The Young Irelanders led by Smith O'Brien stage rebellion at Ballingarry, County Tipperary. 'It consisted mainly in a week's marching with depleted adherent around three small towns. The dénouement came when O'Brien's ill-armed forces failed to dislodge a party of well-armed police at 'Widow [Margaret] McCormack's Cottage' near Ballingarry. Though O'Brien personally demonstrated courage and restraint, he and three of his followers, Thomas Meagher, the English-educated son of a wealth Waterford entrepreneur and MP, Terence MacManus, a Liverpool businessman, and Patrick O'Donohoe, an impecunious law clerk, were condemned to death. A massive campaign of petitions for reprieve followed.' — [Davis, 2005, pp. 39-40]
1848
Aug.
John Donellan Balfe points out the leader of the Young Ireland party, William Smith O'Brien, to government agents, who later arrest O'Brien in Tipperary. Balfe's treachery at this stage is not revealed.
1848
Aug. 5
O'Brien is arrested at Thurles Railway station, Tipperary, for high treason.
1848
Aug.
Kevin Izod O'Doherty sentenced to transportation for treason-felony (seditious journalism) as co-editor of the nationalist Irish Tribune.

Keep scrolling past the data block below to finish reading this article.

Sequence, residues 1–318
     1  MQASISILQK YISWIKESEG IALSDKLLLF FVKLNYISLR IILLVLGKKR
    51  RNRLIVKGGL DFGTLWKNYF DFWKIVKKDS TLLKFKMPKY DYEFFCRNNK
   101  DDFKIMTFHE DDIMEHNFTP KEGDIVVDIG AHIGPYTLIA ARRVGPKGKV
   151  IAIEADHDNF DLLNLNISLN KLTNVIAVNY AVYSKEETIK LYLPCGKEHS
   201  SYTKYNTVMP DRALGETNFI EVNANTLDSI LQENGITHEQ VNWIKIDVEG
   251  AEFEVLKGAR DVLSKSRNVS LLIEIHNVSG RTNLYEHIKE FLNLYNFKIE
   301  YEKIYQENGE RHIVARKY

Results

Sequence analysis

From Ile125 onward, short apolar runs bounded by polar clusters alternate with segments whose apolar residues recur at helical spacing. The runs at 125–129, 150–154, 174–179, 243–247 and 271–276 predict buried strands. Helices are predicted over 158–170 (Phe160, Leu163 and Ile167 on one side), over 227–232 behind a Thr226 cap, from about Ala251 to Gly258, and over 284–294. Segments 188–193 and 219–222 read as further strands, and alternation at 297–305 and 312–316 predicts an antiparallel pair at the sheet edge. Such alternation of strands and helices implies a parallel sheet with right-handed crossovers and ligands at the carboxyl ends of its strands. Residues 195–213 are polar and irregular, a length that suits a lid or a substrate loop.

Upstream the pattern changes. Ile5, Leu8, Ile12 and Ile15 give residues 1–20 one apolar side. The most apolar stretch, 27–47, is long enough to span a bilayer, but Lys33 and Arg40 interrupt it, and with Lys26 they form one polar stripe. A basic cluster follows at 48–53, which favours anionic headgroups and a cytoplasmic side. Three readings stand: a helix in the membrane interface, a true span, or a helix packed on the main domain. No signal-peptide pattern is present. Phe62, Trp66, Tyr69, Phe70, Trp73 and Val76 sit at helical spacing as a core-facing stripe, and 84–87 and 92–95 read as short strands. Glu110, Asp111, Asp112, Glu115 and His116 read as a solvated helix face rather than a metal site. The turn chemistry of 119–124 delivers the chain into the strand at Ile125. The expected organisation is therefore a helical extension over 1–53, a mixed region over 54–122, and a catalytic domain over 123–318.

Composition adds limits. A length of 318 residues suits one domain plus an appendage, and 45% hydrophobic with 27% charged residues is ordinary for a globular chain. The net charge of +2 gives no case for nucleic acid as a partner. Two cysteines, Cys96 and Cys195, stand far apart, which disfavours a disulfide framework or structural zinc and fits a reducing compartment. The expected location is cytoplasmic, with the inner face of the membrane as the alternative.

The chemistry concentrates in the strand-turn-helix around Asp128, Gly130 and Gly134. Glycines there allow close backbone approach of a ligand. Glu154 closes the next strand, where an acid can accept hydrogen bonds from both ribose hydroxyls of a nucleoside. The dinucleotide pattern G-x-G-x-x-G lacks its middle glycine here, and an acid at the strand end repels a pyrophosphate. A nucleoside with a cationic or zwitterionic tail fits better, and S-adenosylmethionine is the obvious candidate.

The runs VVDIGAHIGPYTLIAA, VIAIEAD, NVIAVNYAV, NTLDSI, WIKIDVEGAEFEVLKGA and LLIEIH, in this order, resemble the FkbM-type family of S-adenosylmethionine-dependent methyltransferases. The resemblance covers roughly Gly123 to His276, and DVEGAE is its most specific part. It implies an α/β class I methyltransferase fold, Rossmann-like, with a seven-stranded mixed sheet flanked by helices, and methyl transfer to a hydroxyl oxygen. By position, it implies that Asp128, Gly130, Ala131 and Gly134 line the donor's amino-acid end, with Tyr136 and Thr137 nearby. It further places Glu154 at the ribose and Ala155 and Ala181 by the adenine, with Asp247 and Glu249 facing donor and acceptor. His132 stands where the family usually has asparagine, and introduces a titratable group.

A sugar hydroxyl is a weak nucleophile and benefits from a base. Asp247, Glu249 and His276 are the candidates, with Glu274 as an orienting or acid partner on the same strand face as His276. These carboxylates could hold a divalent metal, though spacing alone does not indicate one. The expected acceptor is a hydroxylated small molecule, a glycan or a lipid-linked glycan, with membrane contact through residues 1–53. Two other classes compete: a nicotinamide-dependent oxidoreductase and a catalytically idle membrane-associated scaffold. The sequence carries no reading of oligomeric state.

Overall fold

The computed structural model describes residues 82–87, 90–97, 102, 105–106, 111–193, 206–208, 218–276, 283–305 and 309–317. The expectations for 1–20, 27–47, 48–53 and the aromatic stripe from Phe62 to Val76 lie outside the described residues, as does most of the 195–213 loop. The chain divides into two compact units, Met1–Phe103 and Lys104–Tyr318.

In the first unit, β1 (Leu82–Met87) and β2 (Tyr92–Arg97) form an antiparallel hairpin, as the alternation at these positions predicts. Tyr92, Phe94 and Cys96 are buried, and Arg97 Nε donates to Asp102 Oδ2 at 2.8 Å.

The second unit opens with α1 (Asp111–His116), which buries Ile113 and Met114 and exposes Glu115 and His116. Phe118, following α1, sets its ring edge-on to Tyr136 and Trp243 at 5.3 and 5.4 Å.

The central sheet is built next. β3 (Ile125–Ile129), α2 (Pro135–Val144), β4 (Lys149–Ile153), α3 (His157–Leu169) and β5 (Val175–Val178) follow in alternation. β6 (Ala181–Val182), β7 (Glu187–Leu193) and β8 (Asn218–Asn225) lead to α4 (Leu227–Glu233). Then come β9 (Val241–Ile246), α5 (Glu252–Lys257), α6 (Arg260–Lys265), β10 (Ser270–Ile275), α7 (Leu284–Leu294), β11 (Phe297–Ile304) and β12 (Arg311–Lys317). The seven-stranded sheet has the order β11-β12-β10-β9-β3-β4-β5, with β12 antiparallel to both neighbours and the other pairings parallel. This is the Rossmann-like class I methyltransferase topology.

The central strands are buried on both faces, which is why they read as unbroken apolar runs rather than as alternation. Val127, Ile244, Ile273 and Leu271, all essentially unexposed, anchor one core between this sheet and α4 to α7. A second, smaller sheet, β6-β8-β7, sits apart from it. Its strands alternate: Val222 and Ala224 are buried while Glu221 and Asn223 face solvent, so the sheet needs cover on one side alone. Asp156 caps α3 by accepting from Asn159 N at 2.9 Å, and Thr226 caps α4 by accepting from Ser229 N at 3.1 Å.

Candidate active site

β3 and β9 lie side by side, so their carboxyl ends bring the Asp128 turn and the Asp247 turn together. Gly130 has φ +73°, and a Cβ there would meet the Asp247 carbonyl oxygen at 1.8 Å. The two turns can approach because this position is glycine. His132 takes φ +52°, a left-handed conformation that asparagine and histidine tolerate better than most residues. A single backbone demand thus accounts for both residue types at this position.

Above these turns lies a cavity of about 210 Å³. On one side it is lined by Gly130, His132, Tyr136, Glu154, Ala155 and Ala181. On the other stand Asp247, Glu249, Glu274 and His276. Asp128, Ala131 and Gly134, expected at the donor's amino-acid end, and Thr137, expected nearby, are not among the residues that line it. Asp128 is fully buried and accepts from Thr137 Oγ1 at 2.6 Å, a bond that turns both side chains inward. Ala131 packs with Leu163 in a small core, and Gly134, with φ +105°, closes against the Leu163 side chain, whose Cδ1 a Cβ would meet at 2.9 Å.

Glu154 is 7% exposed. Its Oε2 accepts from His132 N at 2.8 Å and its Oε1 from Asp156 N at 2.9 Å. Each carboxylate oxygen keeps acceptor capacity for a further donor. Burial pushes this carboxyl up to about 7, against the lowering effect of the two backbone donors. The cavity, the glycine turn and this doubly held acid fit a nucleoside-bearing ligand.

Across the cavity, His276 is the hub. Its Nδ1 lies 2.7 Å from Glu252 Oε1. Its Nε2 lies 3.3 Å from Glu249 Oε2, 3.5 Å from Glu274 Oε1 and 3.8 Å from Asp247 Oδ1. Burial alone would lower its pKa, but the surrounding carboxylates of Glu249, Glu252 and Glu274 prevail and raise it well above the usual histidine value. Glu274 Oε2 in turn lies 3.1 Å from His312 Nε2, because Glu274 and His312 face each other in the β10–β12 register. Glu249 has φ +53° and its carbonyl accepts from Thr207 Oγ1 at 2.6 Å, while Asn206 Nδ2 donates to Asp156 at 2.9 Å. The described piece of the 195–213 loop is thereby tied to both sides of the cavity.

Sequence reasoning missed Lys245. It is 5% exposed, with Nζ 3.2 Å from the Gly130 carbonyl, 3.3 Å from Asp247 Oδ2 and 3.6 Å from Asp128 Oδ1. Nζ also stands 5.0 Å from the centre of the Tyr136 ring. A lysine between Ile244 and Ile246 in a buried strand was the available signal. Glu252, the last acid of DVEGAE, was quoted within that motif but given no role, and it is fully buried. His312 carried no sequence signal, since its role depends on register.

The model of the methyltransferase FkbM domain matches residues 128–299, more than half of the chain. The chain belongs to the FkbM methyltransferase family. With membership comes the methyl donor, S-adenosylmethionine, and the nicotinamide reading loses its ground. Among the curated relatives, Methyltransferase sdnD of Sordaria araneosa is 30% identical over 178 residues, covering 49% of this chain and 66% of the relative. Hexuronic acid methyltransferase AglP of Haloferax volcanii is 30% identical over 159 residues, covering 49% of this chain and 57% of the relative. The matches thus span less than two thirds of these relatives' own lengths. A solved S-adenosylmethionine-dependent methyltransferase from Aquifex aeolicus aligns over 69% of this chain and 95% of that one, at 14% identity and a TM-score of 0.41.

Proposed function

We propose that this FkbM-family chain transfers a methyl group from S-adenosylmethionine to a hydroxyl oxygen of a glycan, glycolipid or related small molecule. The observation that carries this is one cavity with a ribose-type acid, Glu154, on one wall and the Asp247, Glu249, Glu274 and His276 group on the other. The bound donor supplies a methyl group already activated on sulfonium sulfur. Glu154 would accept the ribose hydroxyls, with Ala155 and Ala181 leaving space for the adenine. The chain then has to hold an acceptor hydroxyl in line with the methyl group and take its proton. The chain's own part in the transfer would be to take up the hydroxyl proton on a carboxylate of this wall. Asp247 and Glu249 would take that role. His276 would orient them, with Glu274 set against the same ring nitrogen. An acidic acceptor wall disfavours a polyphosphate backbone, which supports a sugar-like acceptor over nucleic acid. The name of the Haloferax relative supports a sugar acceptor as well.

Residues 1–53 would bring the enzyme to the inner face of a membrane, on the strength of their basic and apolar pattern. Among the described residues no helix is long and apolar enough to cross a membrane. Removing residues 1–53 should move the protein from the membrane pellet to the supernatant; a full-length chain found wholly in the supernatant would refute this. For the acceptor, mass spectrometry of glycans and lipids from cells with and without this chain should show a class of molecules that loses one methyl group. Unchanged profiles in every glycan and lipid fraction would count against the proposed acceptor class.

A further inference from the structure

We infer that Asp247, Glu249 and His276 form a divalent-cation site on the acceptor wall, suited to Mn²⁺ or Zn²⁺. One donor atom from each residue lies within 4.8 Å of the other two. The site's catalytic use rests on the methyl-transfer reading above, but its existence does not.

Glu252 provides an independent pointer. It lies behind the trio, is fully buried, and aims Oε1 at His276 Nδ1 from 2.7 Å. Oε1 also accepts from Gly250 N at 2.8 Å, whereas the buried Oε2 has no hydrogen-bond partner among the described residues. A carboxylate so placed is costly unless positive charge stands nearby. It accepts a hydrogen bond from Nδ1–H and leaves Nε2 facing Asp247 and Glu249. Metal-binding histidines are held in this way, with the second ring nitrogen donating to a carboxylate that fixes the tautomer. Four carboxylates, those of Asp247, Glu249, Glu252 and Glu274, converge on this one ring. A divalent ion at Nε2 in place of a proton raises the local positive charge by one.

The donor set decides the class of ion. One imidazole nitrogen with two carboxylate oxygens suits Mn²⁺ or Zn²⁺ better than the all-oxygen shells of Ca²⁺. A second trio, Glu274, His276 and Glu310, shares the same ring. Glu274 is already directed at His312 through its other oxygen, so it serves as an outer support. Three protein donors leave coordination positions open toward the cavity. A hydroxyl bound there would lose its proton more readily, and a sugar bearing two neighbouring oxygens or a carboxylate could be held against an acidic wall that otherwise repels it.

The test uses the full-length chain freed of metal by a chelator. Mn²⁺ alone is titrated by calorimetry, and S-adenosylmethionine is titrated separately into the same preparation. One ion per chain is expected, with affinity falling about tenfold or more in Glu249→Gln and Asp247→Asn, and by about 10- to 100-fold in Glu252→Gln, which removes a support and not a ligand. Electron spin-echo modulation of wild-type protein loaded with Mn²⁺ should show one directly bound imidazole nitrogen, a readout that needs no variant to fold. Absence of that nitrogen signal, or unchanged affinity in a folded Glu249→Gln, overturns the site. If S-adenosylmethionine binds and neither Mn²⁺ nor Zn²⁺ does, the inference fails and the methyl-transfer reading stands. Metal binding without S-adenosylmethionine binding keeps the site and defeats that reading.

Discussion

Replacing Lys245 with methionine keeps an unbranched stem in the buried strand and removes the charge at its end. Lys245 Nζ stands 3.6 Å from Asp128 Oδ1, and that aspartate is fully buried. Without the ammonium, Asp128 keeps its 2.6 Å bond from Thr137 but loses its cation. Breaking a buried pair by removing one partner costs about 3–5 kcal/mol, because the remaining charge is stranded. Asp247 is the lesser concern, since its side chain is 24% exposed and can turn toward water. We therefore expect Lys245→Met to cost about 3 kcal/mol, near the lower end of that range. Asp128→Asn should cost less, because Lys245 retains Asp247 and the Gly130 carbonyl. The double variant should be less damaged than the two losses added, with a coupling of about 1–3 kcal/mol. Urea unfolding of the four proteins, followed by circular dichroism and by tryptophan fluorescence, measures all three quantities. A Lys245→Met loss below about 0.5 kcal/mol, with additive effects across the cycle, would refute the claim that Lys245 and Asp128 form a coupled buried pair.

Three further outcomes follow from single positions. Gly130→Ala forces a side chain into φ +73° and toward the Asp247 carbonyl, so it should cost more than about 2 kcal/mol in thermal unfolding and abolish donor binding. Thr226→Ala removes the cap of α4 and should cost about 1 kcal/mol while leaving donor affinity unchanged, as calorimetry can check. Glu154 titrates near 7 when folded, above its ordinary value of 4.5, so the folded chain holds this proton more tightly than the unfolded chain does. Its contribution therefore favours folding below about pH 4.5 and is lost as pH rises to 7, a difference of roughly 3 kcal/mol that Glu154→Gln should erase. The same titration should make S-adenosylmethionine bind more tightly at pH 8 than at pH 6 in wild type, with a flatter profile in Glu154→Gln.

1848
Aug.
John Martin sentenced to transportation for 10 years for treason-felony (seditious journalism) for being editor of the new journal the Irish Felon.
1848
Oct. 23
O'Brien, Meagher, MacManus and O'Donohoe sentenced to death by the Lord Chief Justice after their trial for high treason in Special Commission at Clonmel, Co. Tipperary.
1849
Jun 15
Martin and O'Doherty removed from Richmond Prison in readiness for transportation to Van Diemen's Land.
1849
Jun 28
Martin and O'Doherty depart on the Mount Stewart Elphinstone for transportation to Sydney and then the brig Emma to Hobart Town.
1849
Jul. 9
O'Brien, Meagher, MacManus and O'Donohoe transferred to the warship Swift, for transportation to Van Diemen's Land.

Van Diemen's Land




1849
Oct. 27
O'Brien, William Smith; MacManus, Terence Bellew; Meagher, Thomas Francis; and O'Donohoe, Patrick all arrive in Van Diemen's Land on the sloop Swift.
1849
Oct. 31
O'Doherty (1823-1905), Kevin Izod and Martin (1812-1875), John [aged 37] arrive in VDL on the Emma having arrived in Sydney on the transport ship Mountstewart Elphinstone.
1849
Oct. 31
O'Brien immediately transferred to Maria Island Probation Station being the only Young Irelander to refuse a ticket-of-leave.